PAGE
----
I am trying to refine my development skills by increasing cross-browser compatibility and W3C standard compliance in my code. While this is possible to do using free resources on the internet, I personally find it easier and quicker to refer back to an actual book. In light of this, I am going to do a whole series of web development book reviews over the course of the next few months.

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I want to start with Sitepoint’s The Ultimate CSS Reference. Sitepoint is a great resource for all kinds of information, they have a large amount of online web development content, but I still prefer to use physical books. This book is hardcover, which is rare to see in a tech book. I like the hard cover, because it doesn’t show wear and tear as easy as softcover books. For those that don’t know, CSS stands for Cascading Style Sheets, which is a web based language that allows you to attach style to other web languages. I currently code CSS at a 2.1 level which is the version of CSS that is most widely accepted by web browsers today.

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While I don’t have any other CSS books to compare it to, I can say that I am very happy with this reference guide. The Ultimate CSS Reference explains CSS elements using a 4 part system, Syntax, Compatibility, Other Relevant Stuff, and Usage Examples.

The book starts with a very easy to follow introduction chapter on what CSS is. This chapter introduces beginners to exactly what CSS is, how it works, and how you link to style sheets. This chapter is not just for beginners, it also goes in to more advanced items like how to have style sheets for different media types (i.e. hand held, print, screen, …) and how to reference an external style sheet using XML PI. I would recommend everyone read this chapter regardless of your current CSS skill level, everyone is bound to learn something new from this chapter.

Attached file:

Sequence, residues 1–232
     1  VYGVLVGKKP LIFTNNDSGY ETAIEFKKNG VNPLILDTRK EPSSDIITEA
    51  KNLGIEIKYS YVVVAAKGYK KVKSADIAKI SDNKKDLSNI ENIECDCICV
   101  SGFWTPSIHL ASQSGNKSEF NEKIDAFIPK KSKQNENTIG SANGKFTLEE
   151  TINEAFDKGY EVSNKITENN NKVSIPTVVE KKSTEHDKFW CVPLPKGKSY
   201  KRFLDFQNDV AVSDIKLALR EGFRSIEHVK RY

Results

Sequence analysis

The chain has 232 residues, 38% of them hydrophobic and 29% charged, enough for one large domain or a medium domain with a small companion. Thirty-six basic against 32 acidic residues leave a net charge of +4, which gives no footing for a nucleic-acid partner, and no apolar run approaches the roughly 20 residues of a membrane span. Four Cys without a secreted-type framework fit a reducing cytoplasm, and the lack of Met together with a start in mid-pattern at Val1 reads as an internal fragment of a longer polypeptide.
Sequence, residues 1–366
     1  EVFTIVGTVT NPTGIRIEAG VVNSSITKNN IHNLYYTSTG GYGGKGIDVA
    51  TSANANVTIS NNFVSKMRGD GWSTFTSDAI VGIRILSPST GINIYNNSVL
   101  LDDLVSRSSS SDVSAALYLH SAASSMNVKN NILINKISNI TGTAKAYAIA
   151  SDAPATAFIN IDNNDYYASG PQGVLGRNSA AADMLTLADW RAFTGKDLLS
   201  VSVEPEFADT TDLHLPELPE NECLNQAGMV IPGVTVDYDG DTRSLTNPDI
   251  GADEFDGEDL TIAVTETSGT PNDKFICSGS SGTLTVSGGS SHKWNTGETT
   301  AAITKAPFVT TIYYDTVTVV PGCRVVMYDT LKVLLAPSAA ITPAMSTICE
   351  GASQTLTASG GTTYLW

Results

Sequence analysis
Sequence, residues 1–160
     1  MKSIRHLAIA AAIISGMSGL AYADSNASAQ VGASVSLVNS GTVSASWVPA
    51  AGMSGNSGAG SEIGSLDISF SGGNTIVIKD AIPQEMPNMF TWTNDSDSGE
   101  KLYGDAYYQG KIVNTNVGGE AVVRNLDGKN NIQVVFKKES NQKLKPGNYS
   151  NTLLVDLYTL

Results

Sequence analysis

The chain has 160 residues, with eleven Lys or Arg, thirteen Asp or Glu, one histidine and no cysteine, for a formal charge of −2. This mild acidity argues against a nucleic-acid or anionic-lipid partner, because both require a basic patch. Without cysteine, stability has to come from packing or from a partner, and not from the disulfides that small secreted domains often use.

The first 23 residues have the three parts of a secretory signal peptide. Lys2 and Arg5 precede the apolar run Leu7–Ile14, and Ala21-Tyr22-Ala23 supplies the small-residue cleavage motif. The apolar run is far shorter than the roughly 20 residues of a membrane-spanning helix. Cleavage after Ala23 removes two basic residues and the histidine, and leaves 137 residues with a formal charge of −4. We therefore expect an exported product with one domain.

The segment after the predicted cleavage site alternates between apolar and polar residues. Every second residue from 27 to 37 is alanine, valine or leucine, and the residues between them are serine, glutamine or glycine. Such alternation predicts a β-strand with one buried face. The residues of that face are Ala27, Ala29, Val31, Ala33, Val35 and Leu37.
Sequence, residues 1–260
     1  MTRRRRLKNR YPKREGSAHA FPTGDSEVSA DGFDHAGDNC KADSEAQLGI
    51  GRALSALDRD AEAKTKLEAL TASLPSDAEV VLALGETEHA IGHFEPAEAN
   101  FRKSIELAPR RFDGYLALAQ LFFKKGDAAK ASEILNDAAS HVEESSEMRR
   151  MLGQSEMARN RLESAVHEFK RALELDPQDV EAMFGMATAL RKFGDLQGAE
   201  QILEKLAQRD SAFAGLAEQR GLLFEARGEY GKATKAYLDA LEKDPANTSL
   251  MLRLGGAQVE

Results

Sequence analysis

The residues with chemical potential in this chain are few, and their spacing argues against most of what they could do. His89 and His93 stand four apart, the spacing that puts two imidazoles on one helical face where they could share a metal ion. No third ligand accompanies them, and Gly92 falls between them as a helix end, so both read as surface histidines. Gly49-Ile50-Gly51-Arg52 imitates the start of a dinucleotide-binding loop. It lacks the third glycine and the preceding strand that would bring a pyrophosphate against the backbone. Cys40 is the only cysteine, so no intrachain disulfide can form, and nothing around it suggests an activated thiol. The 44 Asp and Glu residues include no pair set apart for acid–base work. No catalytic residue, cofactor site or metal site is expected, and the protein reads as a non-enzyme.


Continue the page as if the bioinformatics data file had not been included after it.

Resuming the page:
The next few chapters introduce you to general CSS syntax. You will learn how to layout selectors and general CSS syntax. These are great chapters to refer back to when you have a brain fart while trying to code CSS. To this day, I still have problems remembering how to layout HTML tag specific CSS code when being reference inside the tag which is linked and enclosed in an ID styled DIV.

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The guts of the book are the chapters on the properties, this is where the 4 part’s I spoke of earlier comes into effect. Each property has 4 sections of explanation, starting with the Syntax section which gives you the property layout, and all its different property values.  The second section you will see is a Compatibility Chart. This chart includes IE 5.5, IE 6.0, IE 7.0, FF 1.0, FF 1.5, FF 2.0, Safari 1.3, Safari 2.0, and Safari 3.0. Compatibility is measured with 3 variables, Full, Buggy, and None. I find the compatibility very useful when you design at a professional level and need full cross browse compatibility. The 3rd section is Other Relevant Stuff, this section is used to explain how other relevant elements might interact with the one you are currently reading about. The final section, is Usage Examples, this of course is where you can explore the element syntax in a real world example.

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The last few chapters go into more advanced level detail. This advanced information includes vendor-specific properties, which walks you though elements that are specific to certain browsers. You will also learn how to work with multiple style sheets for browser specific compatibility, Workarounds, Filters, and Hacks that will help you to solve some cross browser CSS issues.

The book is available for about $30.00 on Amazon: The Ultimate CSS Reference. I highley recommend you pick it up, it is a great resource that will defiantly improve the level to which you code CSS.